Wednesday, April 06, 2011

DMS = Dealer Management System

Every auto dealer has, as its information backbone, a DMS. The two big players in the United States are ADP and Reynolds and Reynolds. Not a penny moves around inside a dealership without being tracked somehow on the DMS. Want a part? Need to generate a parts invoice or service repair order. Want to pay a technician? Need to do that on an opened repair order. Want to calculate payments on a used car? You’ve got it, you do that in the DMS. All said data from the three departments are then funneled into the accounting department for scrutiny and application to a P&L statement. That all makes sense.

At Charles River Saab, we use the Reynolds and Reynolds system. I have used it for so long that it seems rather normal to me. However, I bet that if I were to hire a new employee who was young and had never worked with this system before they would be dumbfounded by it. Nothing about it is intuitive. Nothing about it is consistent. Want to close a function? Sometime you press S, Enter. Sometimes E, Enter. Sometimes END. Want to go to the next page? Sometimes you press N. Other times F. Want to go back a page? Sometimes it’s B, other times, its P, Enter, [page number], Enter. Who wrote this stuff? Obviously, lots of different people who never used the system and didn’t talk to one another. Mouse? What’s that for?

This came to mind today when I sat with a nice representative from R&R who came in to show us some new functionality on the system. Sounded good to me. After going through a few new shortcuts—again, if you don’t know they are there, there’s know way of knowing they exist—I got down to asking questions. I have had two that have bugged me since I first encountered R&R in 1988: what about word wrap; what about spell checking?

You probably think that I can’t be serious. Here we are, in 2011, and in thousands of dealerships across the country, auto dealer employees are struggling with a system that requires that they hit “return” at the end of a typed line, like they were typing on a Selectric. Remember those? Worse, especially in this business, is the lack of spell checking. Words and language matter to me, and while I have no particular gift for the written word, and am largely ignorant of grammar and usage (other than the ability to know when something sounds incorrect), I always tried, in my days as a service advisor, to prepare service invoices with clean, concise, correct English. I would like to have advisors everywhere do this, but some of us just have better spelling than others. Oh, and if you make a mistake in R&R, you can’t glide your mouse over it and fix it. Remember, no mice allowed. Have to go back and re-write the entire entry. At the end of some long days, I know that I let pass “ajdusted” or “isntalled” as entries.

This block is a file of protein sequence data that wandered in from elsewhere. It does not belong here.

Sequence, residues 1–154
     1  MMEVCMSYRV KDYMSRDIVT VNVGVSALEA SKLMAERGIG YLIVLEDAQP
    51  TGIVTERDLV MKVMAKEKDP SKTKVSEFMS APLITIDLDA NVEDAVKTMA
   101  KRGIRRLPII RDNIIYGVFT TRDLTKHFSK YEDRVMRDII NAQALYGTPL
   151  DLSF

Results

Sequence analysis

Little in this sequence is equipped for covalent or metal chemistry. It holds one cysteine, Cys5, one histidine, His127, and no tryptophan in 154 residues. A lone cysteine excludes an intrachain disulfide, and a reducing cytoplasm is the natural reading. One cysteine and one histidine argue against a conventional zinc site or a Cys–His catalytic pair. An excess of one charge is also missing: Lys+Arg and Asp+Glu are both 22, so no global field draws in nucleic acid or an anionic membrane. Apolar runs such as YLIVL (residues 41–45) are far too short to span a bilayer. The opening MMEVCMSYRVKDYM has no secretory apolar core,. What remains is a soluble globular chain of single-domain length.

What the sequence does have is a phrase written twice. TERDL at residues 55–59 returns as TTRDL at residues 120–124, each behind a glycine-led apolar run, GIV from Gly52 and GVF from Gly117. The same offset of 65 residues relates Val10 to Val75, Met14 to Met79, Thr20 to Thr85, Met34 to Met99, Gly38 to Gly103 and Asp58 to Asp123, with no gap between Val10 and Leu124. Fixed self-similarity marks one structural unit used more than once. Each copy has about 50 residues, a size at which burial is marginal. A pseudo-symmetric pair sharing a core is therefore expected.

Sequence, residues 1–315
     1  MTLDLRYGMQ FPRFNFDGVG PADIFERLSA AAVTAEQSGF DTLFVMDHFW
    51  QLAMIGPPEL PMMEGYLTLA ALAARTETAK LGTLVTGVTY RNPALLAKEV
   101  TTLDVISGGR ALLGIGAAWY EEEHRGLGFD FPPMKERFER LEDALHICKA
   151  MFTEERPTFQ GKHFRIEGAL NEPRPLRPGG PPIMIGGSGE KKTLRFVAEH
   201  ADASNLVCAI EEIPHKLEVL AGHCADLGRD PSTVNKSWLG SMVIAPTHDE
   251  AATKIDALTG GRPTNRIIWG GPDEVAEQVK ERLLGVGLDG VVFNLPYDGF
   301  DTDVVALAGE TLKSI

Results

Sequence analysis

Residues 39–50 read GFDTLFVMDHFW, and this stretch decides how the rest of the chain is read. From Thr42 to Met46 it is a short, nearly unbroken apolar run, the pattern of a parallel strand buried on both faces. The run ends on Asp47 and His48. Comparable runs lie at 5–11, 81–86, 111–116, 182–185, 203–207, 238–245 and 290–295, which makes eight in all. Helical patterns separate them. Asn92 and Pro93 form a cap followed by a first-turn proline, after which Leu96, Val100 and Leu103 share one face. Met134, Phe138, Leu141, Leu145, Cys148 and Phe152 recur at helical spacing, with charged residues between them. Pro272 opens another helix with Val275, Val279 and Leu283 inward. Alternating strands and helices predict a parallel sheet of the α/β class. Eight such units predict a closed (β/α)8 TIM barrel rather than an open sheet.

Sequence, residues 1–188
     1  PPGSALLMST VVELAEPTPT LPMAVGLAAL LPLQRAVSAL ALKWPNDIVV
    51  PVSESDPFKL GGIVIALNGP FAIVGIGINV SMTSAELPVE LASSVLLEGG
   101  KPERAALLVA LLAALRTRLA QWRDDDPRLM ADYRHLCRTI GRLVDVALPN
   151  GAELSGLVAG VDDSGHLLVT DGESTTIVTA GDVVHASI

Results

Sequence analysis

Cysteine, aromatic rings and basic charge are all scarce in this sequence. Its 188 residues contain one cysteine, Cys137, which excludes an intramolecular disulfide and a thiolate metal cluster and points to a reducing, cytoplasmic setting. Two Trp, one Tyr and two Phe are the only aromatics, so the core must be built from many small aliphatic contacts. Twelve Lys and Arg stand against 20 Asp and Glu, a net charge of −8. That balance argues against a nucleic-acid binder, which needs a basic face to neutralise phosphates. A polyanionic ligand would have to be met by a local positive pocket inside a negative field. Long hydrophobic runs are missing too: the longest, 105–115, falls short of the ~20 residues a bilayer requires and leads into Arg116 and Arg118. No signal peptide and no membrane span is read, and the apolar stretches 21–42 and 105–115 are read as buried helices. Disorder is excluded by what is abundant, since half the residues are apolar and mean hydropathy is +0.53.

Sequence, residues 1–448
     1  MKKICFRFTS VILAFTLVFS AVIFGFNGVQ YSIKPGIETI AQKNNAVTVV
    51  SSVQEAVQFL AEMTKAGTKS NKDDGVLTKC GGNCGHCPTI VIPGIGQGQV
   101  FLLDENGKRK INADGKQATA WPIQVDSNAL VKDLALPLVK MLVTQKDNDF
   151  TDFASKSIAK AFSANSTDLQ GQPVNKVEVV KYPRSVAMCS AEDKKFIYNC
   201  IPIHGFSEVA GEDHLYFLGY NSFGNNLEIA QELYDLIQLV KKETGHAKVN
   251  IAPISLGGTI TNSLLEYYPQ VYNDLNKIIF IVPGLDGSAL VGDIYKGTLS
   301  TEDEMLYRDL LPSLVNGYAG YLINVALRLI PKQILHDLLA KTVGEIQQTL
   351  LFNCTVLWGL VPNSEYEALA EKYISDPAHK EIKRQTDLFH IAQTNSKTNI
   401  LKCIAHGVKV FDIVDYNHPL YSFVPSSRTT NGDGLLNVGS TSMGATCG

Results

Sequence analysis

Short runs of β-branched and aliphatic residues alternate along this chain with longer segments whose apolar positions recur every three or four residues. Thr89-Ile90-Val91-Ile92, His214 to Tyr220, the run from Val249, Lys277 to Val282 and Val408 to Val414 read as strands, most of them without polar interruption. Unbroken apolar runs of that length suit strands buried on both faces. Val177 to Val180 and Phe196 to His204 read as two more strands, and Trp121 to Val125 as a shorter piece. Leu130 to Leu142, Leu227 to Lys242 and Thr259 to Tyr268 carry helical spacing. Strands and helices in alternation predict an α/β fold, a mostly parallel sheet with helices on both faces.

In 1988, I went to R&R headquarters in Dayton, Ohio, for training. The system we were using at that store in those days was pretty crude. Essentially, the computer was used in service to create a repair order header (name, address, phone, VIN, plate etc) and then the complaints were all hand written. Once the customer was in the system, at least you could bypass all that header writing in the future. More important, some amount of crude vehicle history was stored, and all the parts and service information could be entered into accounting, but this was done manually. It was 1988, and that was a start. The system was capable of much more, but that dealership hadn’t bought-in to such a degree. The training was excruciatingly boring. Most of the people in the class had never touched a computer before. Hard to imagine now there ever was such a time. I had a leg up on the others. I had been using a Macintosh SE30 at home for a time. It even had MS Word loaded on it. During the class, I asked why the R&R system didn’t word wrap. I was met with a blank stare by the instructor, and he provided some lame excuse. Nobody else in the room knew what I was talking about. I wasn’t completely sure the instructor did.

When I came to CRS in 1989 we were running an ADP system that was fully implemented—no hand writing required. A year later we switched to R&R. Still no word wrap. It must be coming soon, I thought. As years have become decades, R&R still does not word wrap, and as a reflex, I always ask anyone from R&R when it is coming. At this point, I don’t care what they say….I won’t believe them. The R&R system is a very powerful accounting and data management tool, but everything else about it is hideous. I can’t believe that someone out there, even Microsoft (I thought they had floated the idea to try?), hasn’t jumped in to give us better product and break this duopoly.


Dan said...

Only those who have been forced to work these abysmally outdated software systems, or old mainframe programmers can even begin to relate to this post!

Might there be a modern GUI that normal people can use? Maybe. Someday.

I doubt it...

Swade said...

Sounds like you need to hook up with a programmer and take advantage of an opportunity.

Just make sure you leave out word wrap on the first version so that everyone can be familiar with *something* in the more modern system.

AeroV6 said...

I've been a service advisor for 10 years and have been saying these exact same things all along about R & R.

Anonymous said...

This is really sad, because automatic wordwrap is incredibly trivial to accomplish, even if it does mean writing your own stdio libs.. everyone else has done so, so it can't be THAT difficult to port, even if it's to an old IBM mainframe.

Johnny said...

frankly, I got sick of using R&R, I started publishing my vehicle showroom via google code...but then found some little thing called ... free but with the price of a little extra paper work :P